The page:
A Cross-Lagged Study of Developmental Trajectories of Video Game Engagement, Addiction, and Mental Health

Elfrid Krossbakken, Ståle Pallesen, Rune Aune Mentzoni, Daniel Luke King, Helge Molde, Turi Reiten Finserås, Torbjørn Torsheim

Research output: Contribution to journalArticlepeer-review

14 Citations (Scopus)

Abstract

Objectives: Video game addiction has been associated with an array of mental health variables. There is a paucity of longitudinal studies investigating such associations, and studies differentiating addicted gaming from problem and engaged (i.e., frequent but non-problem) gaming. The current explorative study investigate the natural course of gaming behavior in three sub-studies. The aim of study 1 was to investigate antecedents and consequences of video game addiction measured as a unidimensional construct (pathological gaming). Aim of study 2 was to investigate the same associations in terms of typologies of gamers ("engaged," "problem," "addicted"). Furthermore, study 3 aimed to investigate the estimated stability and transitions occurring between the aforementioned typologies, and a non-pathological gaming group. Methods: A nationally representative sample of 3,000 adolescents aged 17.5 years was drawn from the population registry of Norway in 2012 and invited to participate in annual surveys spanning 3 years (NT1 = 2,059, NT2 = 1,334, NT3 = 1,277). The respondents completed measures of video game addiction, depression, anxiety, loneliness, aggression, and alcohol use disorder. Statistical analysis comprised cross-lagged path modeling, Satorra-Bentler chi square test (study 1), regression analyses (study 2), hidden Markov model of transition probabilities (study 3). Results: Findings in study 1 showed that depression and loneliness were reciprocally associated with pathological gaming. Physical aggression was identified as an antecedent, and anxiety was a consequence of pathological gaming. Investigation of the three typologies of gamers (study 2) identified loneliness and physical aggression as antecedents, and depression as a consequence of all typologies. Depression was found to be an antecedent of problem and engaged gamers. Loneliness was found as a consequence of problem gamers, and anxiety was a consequence of addicted gamers. High alcohol consumption was found antecedent to addicted gamers, and low alcohol consumption was found antecedent to problem gamers. The estimated stability of video game addiction was 35%. Conclusion: A reciprocal relationship between pathological gaming and measures of mental health problems seems to exist. The stability of video game addiction indicates a condition that for a substantial number of people does not resolve spontaneously over the course of 2 years.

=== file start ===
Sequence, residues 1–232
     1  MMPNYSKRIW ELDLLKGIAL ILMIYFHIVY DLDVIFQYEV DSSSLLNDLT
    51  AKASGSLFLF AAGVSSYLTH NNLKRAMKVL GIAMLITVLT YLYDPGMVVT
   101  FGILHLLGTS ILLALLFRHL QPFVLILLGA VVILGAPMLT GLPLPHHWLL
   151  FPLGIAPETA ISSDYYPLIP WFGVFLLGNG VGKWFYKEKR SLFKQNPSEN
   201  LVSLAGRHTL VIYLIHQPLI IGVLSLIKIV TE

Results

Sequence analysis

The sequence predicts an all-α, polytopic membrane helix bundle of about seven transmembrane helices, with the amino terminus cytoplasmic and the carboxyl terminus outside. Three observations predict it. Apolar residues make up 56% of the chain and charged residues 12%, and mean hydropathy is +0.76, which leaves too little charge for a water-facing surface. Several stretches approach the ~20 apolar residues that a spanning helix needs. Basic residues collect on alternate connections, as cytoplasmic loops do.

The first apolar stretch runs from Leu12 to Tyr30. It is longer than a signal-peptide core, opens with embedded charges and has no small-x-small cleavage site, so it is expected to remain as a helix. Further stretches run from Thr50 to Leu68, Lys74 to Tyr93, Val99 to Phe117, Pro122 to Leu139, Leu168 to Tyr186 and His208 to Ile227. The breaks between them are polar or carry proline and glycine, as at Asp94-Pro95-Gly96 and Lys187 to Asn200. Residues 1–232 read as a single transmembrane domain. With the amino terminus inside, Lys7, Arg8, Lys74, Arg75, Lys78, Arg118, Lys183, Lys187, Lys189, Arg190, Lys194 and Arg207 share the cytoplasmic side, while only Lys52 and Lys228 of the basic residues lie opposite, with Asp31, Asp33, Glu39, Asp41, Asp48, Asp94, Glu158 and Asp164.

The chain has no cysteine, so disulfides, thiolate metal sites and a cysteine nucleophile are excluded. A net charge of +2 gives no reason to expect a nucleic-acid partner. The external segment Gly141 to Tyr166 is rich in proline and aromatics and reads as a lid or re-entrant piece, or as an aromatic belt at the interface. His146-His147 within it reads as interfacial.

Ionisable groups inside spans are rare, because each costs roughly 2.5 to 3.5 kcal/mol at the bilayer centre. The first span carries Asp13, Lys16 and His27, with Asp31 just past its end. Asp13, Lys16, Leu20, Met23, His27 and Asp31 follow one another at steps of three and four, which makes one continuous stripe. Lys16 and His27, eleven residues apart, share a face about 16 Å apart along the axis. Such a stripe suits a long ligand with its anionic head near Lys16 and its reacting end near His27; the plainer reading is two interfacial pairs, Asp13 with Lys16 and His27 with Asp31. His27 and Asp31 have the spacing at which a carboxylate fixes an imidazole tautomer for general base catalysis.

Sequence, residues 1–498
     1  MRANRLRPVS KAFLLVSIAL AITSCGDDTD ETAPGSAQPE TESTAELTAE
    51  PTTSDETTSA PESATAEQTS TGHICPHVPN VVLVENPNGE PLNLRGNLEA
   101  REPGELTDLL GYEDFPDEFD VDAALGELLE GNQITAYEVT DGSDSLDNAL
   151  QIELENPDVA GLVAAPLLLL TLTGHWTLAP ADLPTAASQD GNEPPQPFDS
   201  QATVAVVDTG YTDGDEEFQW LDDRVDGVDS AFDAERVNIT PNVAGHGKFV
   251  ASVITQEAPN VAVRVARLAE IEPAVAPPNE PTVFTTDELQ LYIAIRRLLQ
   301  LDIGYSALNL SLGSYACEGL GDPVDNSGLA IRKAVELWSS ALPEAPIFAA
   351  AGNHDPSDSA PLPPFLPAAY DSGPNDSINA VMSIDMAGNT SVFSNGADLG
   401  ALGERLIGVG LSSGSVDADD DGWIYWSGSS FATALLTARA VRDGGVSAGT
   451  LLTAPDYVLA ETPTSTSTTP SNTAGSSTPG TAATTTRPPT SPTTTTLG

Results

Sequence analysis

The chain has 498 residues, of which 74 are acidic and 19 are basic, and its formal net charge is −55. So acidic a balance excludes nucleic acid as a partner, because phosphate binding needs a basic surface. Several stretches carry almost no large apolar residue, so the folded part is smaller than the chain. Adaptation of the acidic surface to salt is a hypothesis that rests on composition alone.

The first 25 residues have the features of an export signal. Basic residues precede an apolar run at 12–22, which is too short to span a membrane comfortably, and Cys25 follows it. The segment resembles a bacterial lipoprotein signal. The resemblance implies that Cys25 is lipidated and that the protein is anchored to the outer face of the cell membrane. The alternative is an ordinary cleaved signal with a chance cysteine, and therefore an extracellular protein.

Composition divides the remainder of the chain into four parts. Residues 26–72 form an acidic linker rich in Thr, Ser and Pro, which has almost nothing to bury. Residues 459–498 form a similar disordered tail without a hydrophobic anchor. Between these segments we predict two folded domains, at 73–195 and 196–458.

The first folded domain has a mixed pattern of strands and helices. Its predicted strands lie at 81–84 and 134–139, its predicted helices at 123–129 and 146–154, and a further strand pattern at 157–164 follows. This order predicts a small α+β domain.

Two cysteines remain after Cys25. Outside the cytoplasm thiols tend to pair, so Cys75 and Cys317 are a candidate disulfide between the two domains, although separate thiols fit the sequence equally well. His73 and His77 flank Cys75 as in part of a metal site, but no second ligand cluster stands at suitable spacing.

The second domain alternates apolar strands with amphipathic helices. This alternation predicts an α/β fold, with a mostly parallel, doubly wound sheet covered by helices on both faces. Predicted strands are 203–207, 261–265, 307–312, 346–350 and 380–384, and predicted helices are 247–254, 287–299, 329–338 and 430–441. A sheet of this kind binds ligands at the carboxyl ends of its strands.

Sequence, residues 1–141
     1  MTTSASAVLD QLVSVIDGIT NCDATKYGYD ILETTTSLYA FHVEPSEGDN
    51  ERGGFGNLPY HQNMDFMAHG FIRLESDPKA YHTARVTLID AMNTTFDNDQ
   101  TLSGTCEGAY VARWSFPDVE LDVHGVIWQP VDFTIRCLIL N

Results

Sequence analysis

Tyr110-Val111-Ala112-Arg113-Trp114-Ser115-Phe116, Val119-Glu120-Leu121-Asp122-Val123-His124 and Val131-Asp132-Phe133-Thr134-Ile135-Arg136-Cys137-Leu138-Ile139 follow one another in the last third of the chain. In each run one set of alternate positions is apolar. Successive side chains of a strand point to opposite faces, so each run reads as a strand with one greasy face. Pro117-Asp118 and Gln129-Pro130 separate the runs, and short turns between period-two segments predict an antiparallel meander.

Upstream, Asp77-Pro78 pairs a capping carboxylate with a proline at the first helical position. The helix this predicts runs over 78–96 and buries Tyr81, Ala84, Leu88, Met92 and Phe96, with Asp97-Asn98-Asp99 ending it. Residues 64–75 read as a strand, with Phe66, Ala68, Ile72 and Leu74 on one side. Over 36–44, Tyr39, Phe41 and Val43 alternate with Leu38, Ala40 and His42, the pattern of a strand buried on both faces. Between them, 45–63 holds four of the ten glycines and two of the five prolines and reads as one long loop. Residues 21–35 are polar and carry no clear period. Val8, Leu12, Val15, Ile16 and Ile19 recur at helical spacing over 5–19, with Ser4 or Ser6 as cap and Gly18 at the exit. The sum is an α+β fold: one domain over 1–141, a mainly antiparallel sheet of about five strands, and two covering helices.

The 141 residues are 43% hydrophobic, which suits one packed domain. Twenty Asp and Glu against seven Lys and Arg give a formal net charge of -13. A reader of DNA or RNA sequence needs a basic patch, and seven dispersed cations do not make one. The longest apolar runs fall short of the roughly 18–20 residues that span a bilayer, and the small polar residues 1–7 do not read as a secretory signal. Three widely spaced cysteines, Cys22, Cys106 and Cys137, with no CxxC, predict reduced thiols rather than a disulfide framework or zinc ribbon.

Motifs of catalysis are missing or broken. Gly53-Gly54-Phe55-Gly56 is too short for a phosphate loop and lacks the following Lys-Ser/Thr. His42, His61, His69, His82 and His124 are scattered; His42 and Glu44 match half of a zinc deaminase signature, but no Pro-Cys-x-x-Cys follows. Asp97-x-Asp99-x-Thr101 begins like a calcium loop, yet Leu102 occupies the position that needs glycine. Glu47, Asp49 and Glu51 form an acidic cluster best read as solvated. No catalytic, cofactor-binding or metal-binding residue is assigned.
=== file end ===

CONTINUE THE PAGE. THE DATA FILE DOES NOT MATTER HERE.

Original languageEnglish
Article number2239
JournalFrontiers in Psychology
Volume9
Issue numberNOV
DOIs
Publication statusPublished - 21 Nov 2018
Externally publishedYes

Bibliographical note

Copyright © 2018 Krossbakken, Pallesen, Mentzoni, King, Molde, Finserås and
Torsheim. This is an open-access article distributed under the terms of the Creative
Commons Attribution License (CC BY). The use, distribution or reproduction in
other forums is permitted, provided the original author(s) and the copyright owner(s)
are credited and that the original publication in this journal is cited, in accordance
with accepted academic practice. No use, distribution or reproduction is permitted
which does not comply with these terms.

Keywords

  • Adolescents
  • Gaming disorder
  • Internet gaming disorder
  • Longitudinal study
  • Mental health

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